A cornice (from the Italian cornice meaning "ledge") is generally any horizontal decorative molding that crowns a building or furniture element— the cornice over a door or window, for instance, or the cornice around the top edge of a pedestal or along the top of an interior wall. A simple cornice may be formed just with a crown molding.
The function of the projecting cornice of a building is to throw rainwater free of the building’s walls. In residential building practice, this function is handled by projecting gable ends, roof eaves, and gutters. However, house eaves may also be called "cornices" if they are finished with decorative molding. In this sense, while most cornices are also eaves (in that they overhang the sides of the building), not all eaves are usually considered cornices— eaves are primarily functional and not necessarily decorative, and a cornice has a decorative aspect to it.
In Ancient Greek architecture
In modern domestic architecture
A rake is an architectural term for an eave or cornice which runs along the gable end of the roof of a modern residential structure. It may also be called a sloping cornice, a raking cornice. The trim and rafters at this edge are called rake-, verge-, or barge-board or verge- or barge-rafter. It is a sloped timber on the outside facing edge of a roof running between the ridge and the eave. On a typical house, any gable will have two rakes, one on each sloped side. The rakes are supported by a series of lookouts (sometimes also called strong arms) and may be enclosed with a rake fascia board on the outside facing edge and a rake soffit along the bottom.
Types of cornice
The cornices of a modern residential building will usually be one of three types: a box cornice, a close or closed cornice, or an open cornice.:p.63
Box cornices enclose the cornice of the building with what is essentially a long narrow box. A box cornice may further be divided into either the narrow box cornice or the wide box cornice type. A narrow box cornice is one in which "the projection of the rafter serves as a nailing surface for the soffit board as well as the fascia trim.":p.63 This is possible if the slope of the roof is fairly steep and the width of the eave relatively narrow. A wide box cornice, which is common practice on houses with gentle roof slopes and wide eaves, requires the use of lookouts to give it support and to provide a surface to which to securely attach the soffits. Box cornices often have ventilation screens laid over openings cut in the soffits in order to allow air to circulate within the cornice.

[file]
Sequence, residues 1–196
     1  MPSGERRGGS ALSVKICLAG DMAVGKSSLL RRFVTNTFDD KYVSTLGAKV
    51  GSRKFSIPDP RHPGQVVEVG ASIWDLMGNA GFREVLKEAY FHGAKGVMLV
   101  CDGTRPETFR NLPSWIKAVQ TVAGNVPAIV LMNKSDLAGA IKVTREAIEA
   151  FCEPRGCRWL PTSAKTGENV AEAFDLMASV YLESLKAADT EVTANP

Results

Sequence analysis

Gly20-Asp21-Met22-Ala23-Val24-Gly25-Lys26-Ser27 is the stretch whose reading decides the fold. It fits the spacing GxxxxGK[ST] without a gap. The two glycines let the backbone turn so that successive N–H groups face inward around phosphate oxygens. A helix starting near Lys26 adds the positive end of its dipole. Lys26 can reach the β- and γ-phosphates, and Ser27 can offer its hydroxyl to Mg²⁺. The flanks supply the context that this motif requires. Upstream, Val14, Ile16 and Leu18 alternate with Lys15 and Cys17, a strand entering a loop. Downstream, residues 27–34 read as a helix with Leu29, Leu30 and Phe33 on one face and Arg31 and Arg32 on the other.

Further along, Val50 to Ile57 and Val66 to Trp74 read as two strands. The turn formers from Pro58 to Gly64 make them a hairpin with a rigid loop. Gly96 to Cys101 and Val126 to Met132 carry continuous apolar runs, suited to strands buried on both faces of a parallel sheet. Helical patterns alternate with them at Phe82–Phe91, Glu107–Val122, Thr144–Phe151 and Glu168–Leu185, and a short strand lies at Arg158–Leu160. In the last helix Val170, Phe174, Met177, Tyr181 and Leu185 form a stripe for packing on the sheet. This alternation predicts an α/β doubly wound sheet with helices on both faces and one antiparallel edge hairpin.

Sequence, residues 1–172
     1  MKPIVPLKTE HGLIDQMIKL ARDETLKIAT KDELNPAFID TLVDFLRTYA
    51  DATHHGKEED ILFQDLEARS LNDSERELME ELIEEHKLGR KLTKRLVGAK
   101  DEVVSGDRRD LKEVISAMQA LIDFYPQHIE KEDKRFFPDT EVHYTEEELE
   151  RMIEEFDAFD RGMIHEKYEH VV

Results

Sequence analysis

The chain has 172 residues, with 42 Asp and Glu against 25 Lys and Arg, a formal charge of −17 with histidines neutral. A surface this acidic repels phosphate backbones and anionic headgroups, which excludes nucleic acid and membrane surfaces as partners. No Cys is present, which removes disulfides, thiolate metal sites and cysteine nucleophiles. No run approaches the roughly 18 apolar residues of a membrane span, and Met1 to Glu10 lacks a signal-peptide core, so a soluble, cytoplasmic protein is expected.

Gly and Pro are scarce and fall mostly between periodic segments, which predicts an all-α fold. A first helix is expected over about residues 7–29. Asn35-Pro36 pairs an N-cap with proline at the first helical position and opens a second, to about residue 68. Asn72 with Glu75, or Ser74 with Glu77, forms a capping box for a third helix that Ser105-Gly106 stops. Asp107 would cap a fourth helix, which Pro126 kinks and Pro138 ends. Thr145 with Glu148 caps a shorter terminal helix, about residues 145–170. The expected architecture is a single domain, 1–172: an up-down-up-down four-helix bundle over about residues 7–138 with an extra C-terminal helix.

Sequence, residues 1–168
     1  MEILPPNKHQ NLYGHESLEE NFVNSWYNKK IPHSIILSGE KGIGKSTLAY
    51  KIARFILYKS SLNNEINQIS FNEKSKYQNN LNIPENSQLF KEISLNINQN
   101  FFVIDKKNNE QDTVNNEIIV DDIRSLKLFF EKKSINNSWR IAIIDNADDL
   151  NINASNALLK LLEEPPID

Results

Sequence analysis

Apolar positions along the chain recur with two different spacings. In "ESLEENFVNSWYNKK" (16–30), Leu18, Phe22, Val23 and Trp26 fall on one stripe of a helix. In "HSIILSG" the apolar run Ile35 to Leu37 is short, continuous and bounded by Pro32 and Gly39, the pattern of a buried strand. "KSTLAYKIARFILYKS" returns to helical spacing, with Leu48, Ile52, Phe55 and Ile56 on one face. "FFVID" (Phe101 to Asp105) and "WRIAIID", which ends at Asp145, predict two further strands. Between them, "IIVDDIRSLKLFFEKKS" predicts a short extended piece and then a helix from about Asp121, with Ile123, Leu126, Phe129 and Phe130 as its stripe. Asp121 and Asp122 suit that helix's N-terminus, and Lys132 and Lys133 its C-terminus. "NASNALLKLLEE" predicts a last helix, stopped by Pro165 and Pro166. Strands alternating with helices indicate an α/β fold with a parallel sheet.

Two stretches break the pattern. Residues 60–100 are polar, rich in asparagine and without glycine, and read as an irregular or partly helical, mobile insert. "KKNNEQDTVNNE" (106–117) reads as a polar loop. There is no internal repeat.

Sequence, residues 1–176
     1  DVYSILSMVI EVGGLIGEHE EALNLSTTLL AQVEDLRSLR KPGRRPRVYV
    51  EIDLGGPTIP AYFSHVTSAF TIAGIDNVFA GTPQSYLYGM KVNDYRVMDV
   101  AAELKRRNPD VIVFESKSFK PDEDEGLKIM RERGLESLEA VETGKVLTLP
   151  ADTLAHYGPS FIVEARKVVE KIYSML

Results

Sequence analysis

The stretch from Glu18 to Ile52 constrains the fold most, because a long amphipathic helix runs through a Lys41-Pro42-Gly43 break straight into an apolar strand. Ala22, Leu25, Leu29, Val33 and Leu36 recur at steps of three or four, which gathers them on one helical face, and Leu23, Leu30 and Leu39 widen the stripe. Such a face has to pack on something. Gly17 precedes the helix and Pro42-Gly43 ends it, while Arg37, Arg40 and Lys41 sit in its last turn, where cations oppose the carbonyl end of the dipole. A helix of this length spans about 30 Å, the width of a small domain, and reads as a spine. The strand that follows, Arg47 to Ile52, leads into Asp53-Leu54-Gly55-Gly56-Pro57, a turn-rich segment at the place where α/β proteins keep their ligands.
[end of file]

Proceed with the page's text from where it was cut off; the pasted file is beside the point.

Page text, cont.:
A close, closed, or snub cornice is one in which there is no projection of the rafters beyond the walls of the building, and therefore no soffit and no fascia. This type of cornice is easy to construct, but provides little aid in dispersing water away from the building and lacks aesthetic value.:p.65
In an open cornice, the shape of the cornice is similar to that of a wide box cornice except that both the lookouts and the soffit are absent. It is a lower-cost treatment that requires fewer materials, and may even not have a fascia board, but lacks the finished appearance of a box cornice.
Additional more-obscure varieties of cornice include the architrave cornice, bracketed cornice, cavetto cornice, and modillion cornice.
A cornice return is an architectural detail that occurs where the horizontal cornice of a roof connects to the rake of a gable.:p.67 It is a short horizontal extension of the cornice that occurs on each side of the gable end of the building (see picture of the Härnösands rådhus with two of these). The two most common types of cornice return are the Greek return and the soffit return (also called a boxed or box soffit return). The former includes a sloped hip-shape on the inside of the cornice under the eaves which is sheathed or shingled like the rest of the roof above it and is considered very attractive; the latter is a simple return without these features.
As window treatment
The term cornice may also be used to describe a form of hard window treatment along the top edge of a window. When used in this context, a cornice represents a board (usually wood) placed above the window to conceal the mechanism for opening and closing drapes. If covered in a layer of cloth and given padding, it is sometimes called a soft cornice rather than a hard cornice.
Projecting cornice of a painted wooden Italianate residence
Cornice of the Maison Carrée, Nîmes
- Christy, Wyvill James (1879). "Bargeboard" in A universal dictionary for architects, civil engineers, surveyors, sculptors ... London: Griffith and Farren.
- Allen, Edward; Thallon, Rob (2011). Fundamentals of Residential Construction. John Wiley & Sons. p. 251.<templatestyles src="Module:Citation/CS1/styles.css"></templatestyles>
- Anderson, Leroy Oscar (2002) . Wood-frame house construction. New York: Books for Business. ISBN 0-89499-167-1.<templatestyles src="Module:Citation/CS1/styles.css"></templatestyles>
- Harris, Cyril M. (2003). American Architecture: An Illustrated Encyclopedia. W. W. Norton & Company. p. 77. ISBN 978-0393731033. Retrieved 2014-01-13.<templatestyles src="Module:Citation/CS1/styles.css"></templatestyles>
- Spence, William P. (1999). Neumann, Rodman P. (ed.). Carpentry & Building Construction: A Do-It-Yourself Guide. New York: Sterling. p. 273. ISBN 978-0-8069-9845-9.<templatestyles src="Module:Citation/CS1/styles.css"></templatestyles>
- Media related to Cornices at Wikimedia Commons